Sherlock Holmes complicates the idea of the forensic scientist. Much of the scientific techniques attributed to Holmes are established forms of forensic science utilized by contemporaneous police departments. However, there is one element of forensic science that was truly innovative on the part of Conan Doyle in the Holmes canon: the representation of what we would now call the field of forensic linguistics. This article takes an interdisciplinary approach to the Holmes canon to interrogate Conan Doyle’s engagement with and occasional rejection of the scientific process in his development and representation of forensic linguistics. Five short stories (“A Scandal in Bohemia,” “The Man with the Twisted Lip,” “The Boscombe Valley Mystery,” “The Adventure of the Reigate Squire,” “The Adventure of the Dancing Men”) serve as case studies that in particular illustrate Conan Doyle’s innovation surrounding language and the detective process.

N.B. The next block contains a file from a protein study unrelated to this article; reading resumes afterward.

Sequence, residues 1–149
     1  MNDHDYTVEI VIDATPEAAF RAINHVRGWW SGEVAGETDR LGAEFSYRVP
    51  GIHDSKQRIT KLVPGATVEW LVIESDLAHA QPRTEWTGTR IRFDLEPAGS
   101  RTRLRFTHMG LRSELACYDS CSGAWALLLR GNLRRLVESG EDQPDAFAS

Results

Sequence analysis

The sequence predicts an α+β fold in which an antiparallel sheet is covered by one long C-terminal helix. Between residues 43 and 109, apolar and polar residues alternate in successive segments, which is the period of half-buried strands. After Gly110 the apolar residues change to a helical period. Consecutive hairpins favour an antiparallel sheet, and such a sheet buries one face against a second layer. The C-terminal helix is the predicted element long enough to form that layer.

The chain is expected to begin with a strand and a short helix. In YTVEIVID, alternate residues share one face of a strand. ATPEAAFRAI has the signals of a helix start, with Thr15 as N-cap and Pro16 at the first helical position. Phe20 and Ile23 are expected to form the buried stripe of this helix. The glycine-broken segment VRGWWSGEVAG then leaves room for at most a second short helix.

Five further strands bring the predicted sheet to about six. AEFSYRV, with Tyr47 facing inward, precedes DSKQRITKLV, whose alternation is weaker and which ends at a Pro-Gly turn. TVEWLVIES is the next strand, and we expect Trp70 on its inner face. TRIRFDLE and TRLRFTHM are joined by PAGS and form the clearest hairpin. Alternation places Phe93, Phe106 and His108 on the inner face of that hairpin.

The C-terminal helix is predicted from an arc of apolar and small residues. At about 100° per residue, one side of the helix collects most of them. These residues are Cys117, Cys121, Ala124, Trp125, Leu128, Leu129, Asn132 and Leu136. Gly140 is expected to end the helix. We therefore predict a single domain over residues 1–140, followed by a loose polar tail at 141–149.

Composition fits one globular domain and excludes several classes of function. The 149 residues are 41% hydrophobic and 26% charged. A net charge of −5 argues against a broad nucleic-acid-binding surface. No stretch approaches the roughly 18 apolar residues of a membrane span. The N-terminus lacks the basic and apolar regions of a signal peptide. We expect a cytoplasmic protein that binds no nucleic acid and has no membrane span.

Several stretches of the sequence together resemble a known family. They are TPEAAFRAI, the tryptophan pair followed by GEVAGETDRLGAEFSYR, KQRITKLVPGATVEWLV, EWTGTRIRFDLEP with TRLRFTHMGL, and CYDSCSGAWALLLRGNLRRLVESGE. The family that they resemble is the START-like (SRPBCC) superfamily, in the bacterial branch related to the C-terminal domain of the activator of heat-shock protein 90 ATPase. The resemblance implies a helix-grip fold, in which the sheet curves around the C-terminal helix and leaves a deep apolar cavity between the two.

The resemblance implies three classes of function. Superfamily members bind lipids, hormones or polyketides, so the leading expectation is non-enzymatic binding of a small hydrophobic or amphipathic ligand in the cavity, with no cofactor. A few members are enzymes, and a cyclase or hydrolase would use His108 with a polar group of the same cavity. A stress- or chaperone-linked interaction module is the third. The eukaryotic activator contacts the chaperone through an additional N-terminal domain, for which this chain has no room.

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pp. 77-98
Launched on MUSE
Open Access
Archive Status
Ceased Publication
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